Table Salt MSG
Chemical Name Sodium Chloride Monosodium Glutamate
Chemical Formula NaCl C₅H₈NO₄Na
Price S$0.35 per 500g S$3.10 per 500g
Taste Salty Salty and Umami
Sodium Content 40% Sodium 12% Sodium

Sea salt and exotic salts like Himalayan pink salt is different from table salt in that they have other trace compounds like potassium and magnesium. Over 95% of these salts are still made up of sodium chloride.

Salt is significantly cheaper than MSG but it only brings saltiness to the table while MSG brings both saltiness and Umami to the dish we use it in. About half a teaspoon of MSG is required to flavour 4 – 6 servings of food.

For health reasons, it is recommended that we limit our salt intake to 5g per day (2g of sodium) while the average adult in Singapore takes in 9g of salt a day. MSG contains lesser sodium so the marketing of MSG companies says that using MSG can potentially lower our sodium intake. This is assuming we also reduce our salt usage when using MSG. MSG has a lower sodium content, which means it does not provide as much saltiness as ordinary salt. However, Umami flavour might be able to let us taste “similar saltiness” even at lower sodium levels, allowing us to use less salt. If we use the same amount or slightly lesser salt while using msg, we do not necessarily consume less sodium. The key is moderation. Everything in excess would be bad. A pinch every now and then should be safe for consumption.

Natural Sources Of Umami

MSG occurs naturally in tomatoes and cheese. When we consume MSG, it will separate into sodium and glutamate. Glutamate is the compound that gives food the Umami flavour. The average American consumes 13g of Glutamate from natural sources while getting less than 1g from pure MSG. Glutamate is not only present in foods but it is also produced in our bodies. Here is a list of natural ingredients that constrain glutamates.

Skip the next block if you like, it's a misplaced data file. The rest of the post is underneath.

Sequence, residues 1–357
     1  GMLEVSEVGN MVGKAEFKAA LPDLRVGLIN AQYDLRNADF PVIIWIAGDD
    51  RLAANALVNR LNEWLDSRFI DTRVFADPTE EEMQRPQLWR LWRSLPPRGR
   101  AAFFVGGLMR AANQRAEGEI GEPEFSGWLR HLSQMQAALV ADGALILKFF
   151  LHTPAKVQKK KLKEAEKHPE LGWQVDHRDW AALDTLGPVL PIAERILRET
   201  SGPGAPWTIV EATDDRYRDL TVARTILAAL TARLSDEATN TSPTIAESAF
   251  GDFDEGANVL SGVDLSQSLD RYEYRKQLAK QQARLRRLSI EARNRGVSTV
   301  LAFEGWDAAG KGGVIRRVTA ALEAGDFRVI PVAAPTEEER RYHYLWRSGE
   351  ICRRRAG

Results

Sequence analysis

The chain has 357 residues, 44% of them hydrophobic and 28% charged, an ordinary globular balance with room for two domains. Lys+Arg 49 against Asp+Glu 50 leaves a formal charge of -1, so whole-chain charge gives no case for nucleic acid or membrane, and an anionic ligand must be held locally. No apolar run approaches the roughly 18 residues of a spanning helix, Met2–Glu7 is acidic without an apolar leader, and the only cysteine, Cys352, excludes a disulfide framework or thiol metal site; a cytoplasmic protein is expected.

Ingredients Glutamate (mg/100g) Teaspoons of MSG
Kelp ~1500 0.2
Parmesan Cheese ~1400 0.2
Soy Sauce ~1000 0.15
Dried Shitake Mushrooms ~1000 0.15
Dried Tomatoes ~800 0.12
Anchovies ~600 0.09
Miso ~500 0.08
Tomatoes ~200 0.03
Prawns ~100 0.02

The drying of ingredients can also intensify the concentration of glutamates by removing water plus the maturation process. In order to extract the glutamates from the ingredients, we usually have to cook them for a long period of time. Just think of Ramen broths that take 12 hours to complete.

Using MSG is like “cheating” where we can get a lot of flavour just by using a pinch of it. For example, if we use a teaspoon of MSG, it is the equivalent of using 500g of kelp or 800g of dried tomatoes. Previously, we saw that MSG is almost 10x the price of salt but if you compare it to natural sources, MSG is still cost-efficient in getting the Umami taste.

But if you think of it, using salt can also be considered cheating too as there is also so much effort required to get what we use today.

Everyday Foods That Contain MSG

Besides natural ingredients, a lot of the foods that we consume contain MSG as a flavouring. Look at the ingredient list on the packaging and you will be surprised how many products contain MSG.

  • Fast food
  • Snacks like potato chips
  • Seasoning blends like chicken stock cubes and powders
  • Canned soups
  • Instant noodles
  • Condiments like tomato ketchup
  • Processed and cured meats like luncheon meat and bacon

I believe most of us have consumed these foods in not small amounts but did not encounter the symptoms MSG supposedly will cause. That being said, as you notice, these are highly processed foods. Besides MSG, these foods will have high sodium, fat and sugar content plus many legal chemicals. We should aim to eat foods in their most natural forms and eat these processed foods in moderation and avoid them if possible. There is a tip mentioned in the first ramen video above where a chef will use MSG to check if his dish requires more Umami. If it lacks Umami flavour, he will use more natural sources of glutamate next time without using MSG.


Glutamate, a component of MSG, is one of the compounds that are responsible for the Umami flavour profile. The myth of “Chinese-Restaurant Syndrome” started with a letter of an anecdote published in a scientific journal. MSG exists in both natural ingredients and foods that we consume frequently. “No MSG” has been used as a marketing tactic by f&b to signal that their food is “healthier” or more “natural” than others. We do not need to purposely avoid MSG as it is ok to consume in moderate amounts. The key is moderation and we should try to consume foods that are as natural as possible and control our intake of processed foods.